Bipolar Transistor Amplifiers

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1 Physics 3330 Experiment #7 Fall 2005 Bipolar Transistor Amplifiers Purpose The aim of this experiment is to construct a bipolar transistor amplifier with a voltage gain of minus 25. The amplifier must accept input signals from a source impedance of 1 kω and provide an undistorted output amplitude of 5 V when driving a 560 Ω load. The bandwidth should extend from below 100 Hz to above 1 MHz. Introduction An electrical signal can be amplified using a device which allows a small current or voltage to control the flow of a much larger current from a dc power source. Transistors are the basic device providing control of this kind. There are two general types of transistors, bipolar and field-effect. The difference between these two types is that for bipolar devices an input current controls the large current flow through the device, while for field-effect transistors an input voltage provides the control. In this experiment we will build a two-stage amplifier using two bipolar transistors. In many practical applications it is better to use an op-amp as a source of gain rather than to build an amplifier from discrete transistors. A good understanding of transistor fundamentals is nevertheless essential. Because op-amps are built from transistors, a detailed understanding of opamp behavior, particularly input and output characteristics, must be based on an understanding of transistors. We will learn in Experiments #9 and #10 about digital electronics, including logic circuits and microcontrollers. These integrated circuits are also made from transistors. In addition to the importance of transistors as components of op-amps, digital circuits, and an enormous variety of other integrated circuits, single transistors (usually called discrete transistors) are used in many circuit applications. They are important as interface devices between integrated circuits and sensors, indicators, and other devices used to communicate with the outside world. High-performance amplifiers operating from DC through microwave frequencies use discrete transistor front-ends to achieve the lowest possible noise. Transistors are generally much faster than op-amps. The device we will use this week has a gain-bandwidth product of 300 MHz. The three terminals of a bipolar transistor are called the emitter, base, and collector (Figure 7.1). A small current into the base controls a large current flow from the collector to the emitter. The current at the base is typically one hundredth of the collector-emitter current. Moreover, the large current flow is almost independent of the voltage across the transistor from collector to emitter. This makes it possible to obtain a large amplification of voltage by taking the output voltage from a resistor in series with the collector. We will begin by constructing a common emitter amplifier, Experiment #7 7.1 Fall 2005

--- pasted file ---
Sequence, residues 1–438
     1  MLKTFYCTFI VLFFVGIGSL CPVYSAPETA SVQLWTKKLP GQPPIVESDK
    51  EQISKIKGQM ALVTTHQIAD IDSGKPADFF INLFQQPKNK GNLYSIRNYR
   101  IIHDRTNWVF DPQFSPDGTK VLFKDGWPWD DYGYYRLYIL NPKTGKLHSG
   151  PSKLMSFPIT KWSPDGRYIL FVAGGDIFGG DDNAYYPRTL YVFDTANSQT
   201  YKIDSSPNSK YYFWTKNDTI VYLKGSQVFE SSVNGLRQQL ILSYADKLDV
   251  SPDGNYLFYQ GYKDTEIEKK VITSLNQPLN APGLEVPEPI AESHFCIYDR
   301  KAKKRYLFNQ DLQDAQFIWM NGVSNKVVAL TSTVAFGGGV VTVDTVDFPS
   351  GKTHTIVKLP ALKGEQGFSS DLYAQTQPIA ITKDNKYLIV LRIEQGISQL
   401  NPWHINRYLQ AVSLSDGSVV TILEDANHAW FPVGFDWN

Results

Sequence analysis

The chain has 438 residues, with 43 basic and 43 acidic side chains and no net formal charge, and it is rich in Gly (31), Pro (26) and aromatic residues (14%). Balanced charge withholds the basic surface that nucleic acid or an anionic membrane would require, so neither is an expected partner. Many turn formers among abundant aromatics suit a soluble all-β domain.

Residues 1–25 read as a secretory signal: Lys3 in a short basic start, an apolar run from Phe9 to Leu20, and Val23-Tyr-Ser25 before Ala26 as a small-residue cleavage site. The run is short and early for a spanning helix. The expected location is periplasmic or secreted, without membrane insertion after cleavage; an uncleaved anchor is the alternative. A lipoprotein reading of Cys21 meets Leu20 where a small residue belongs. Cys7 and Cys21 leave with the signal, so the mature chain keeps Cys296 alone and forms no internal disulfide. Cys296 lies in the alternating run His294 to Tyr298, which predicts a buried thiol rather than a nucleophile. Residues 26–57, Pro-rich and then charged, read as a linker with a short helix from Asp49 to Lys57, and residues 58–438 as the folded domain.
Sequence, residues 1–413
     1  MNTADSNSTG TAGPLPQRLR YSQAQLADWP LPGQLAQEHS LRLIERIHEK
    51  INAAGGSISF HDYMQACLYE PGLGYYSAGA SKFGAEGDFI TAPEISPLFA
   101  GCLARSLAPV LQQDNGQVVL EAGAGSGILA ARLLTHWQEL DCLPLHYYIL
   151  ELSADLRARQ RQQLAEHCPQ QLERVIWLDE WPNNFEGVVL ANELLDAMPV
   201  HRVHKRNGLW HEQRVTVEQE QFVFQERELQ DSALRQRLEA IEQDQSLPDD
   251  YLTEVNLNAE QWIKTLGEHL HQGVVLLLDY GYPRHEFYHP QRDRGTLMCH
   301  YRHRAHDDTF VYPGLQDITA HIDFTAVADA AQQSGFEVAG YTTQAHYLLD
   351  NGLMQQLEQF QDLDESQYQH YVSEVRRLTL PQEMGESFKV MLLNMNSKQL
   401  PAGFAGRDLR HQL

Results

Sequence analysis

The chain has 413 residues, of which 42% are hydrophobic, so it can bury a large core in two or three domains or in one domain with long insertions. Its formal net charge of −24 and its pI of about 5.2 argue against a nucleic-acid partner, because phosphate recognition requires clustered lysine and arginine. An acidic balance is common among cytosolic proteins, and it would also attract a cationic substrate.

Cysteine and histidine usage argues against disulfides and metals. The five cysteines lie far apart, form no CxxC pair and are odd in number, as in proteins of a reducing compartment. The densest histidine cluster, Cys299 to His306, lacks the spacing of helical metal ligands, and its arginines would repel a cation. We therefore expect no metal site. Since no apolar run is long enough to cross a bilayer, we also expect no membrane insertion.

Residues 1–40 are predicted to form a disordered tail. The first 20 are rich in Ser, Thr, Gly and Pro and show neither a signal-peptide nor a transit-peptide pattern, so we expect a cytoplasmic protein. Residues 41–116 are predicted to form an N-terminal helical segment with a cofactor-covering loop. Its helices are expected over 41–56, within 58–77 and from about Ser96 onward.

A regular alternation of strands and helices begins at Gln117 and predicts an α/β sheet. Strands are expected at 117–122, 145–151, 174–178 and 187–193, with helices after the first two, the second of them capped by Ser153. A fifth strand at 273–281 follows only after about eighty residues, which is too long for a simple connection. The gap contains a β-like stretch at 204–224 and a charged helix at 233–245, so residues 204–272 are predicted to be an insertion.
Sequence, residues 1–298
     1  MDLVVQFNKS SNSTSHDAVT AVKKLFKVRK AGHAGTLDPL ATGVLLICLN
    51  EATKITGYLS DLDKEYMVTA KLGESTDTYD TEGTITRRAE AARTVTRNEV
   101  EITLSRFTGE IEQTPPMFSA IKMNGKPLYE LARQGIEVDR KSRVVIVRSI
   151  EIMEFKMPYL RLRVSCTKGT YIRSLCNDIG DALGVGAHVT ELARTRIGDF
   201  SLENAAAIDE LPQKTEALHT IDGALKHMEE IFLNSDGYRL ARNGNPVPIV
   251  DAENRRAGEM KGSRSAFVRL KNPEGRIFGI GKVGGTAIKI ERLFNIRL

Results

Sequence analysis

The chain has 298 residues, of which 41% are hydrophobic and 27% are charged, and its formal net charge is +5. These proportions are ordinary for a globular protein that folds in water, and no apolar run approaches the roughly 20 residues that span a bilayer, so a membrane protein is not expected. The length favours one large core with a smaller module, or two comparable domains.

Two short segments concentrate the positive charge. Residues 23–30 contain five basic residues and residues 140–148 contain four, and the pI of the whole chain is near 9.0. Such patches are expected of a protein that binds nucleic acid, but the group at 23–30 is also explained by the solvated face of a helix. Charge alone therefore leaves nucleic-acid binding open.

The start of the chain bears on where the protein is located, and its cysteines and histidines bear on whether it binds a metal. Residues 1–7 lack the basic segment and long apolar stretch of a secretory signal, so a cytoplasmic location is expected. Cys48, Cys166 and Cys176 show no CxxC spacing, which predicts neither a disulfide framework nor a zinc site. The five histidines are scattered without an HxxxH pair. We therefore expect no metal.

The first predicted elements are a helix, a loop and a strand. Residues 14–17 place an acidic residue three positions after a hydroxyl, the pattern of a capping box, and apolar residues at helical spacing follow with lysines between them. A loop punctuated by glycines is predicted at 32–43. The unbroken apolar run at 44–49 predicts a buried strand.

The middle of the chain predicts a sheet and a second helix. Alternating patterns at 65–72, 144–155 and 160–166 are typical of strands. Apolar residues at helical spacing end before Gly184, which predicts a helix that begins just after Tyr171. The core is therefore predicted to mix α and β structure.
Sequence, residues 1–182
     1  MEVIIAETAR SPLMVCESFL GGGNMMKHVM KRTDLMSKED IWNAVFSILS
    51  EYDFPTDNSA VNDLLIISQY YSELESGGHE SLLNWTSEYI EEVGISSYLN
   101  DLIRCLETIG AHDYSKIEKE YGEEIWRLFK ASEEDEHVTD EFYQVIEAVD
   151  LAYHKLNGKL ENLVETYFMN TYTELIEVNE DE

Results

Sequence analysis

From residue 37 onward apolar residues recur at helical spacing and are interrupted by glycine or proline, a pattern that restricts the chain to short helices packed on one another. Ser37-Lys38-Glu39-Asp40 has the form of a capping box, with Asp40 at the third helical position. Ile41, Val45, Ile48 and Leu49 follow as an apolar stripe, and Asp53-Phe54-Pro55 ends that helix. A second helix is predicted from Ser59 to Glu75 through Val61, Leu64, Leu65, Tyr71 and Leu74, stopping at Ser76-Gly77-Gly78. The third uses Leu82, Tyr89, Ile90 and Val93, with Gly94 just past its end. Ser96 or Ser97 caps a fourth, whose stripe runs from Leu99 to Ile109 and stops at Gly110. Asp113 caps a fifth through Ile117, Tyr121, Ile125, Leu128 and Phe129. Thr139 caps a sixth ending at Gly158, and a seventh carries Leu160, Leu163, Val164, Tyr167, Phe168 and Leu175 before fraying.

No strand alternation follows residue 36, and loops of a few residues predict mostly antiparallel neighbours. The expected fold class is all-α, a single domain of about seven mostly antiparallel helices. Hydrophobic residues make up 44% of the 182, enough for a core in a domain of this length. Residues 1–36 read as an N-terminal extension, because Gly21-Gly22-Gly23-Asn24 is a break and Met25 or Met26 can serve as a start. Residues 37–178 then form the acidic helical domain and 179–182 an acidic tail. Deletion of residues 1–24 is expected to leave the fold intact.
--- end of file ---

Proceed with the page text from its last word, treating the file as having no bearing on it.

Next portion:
2 which operates on this principle. A major fault of a single-stage common emitter amplifier is its high output impedance. This can be cured by adding an emitter follower as a second stage. In this circuit the control signal is again applied at the base, but the output is taken from the emitter. The emitter voltage precisely follows the base voltage but more current is available from the emitter. The common emitter stage and the emitter follower stage are by far the most common bipolar transistor circuit configurations. C E B B C E wiper ccw cw cw wiper ccw Figure 7.1 Pin-out of 2N3904 and 1 k trimpot Readings 1. The basic theory for this experiment is covered in Horowitz and Hill, Chapter 2. H&H give an excellent introduction to practical bipolar circuit design without unnecessary mathematics. The most important sections are , 2.05, the first page of 2.06, 2.07, , and the part of 2.13 on page 84 and 85. Have a look at Table 2.1 and Figure 2.78 for a summary of the specifications of some real devices. 2. A data sheet for the 2N3904 transistor is posted on our course web site. 3. (Optional) Diefenderfer Sections (Optional) Bugg gives a brief account of the solid state physics behind transistor operation in Chapter 9. In Chapters 17 and 18 he discusses transistor circuit design in the language of h-parameters and hybrid-π equivalent circuits, i.e. with more mathematical detail than is normally required for circuit design. You will probably find the chapter in H&H more useful. Experiment #7 7.2 Fall 2005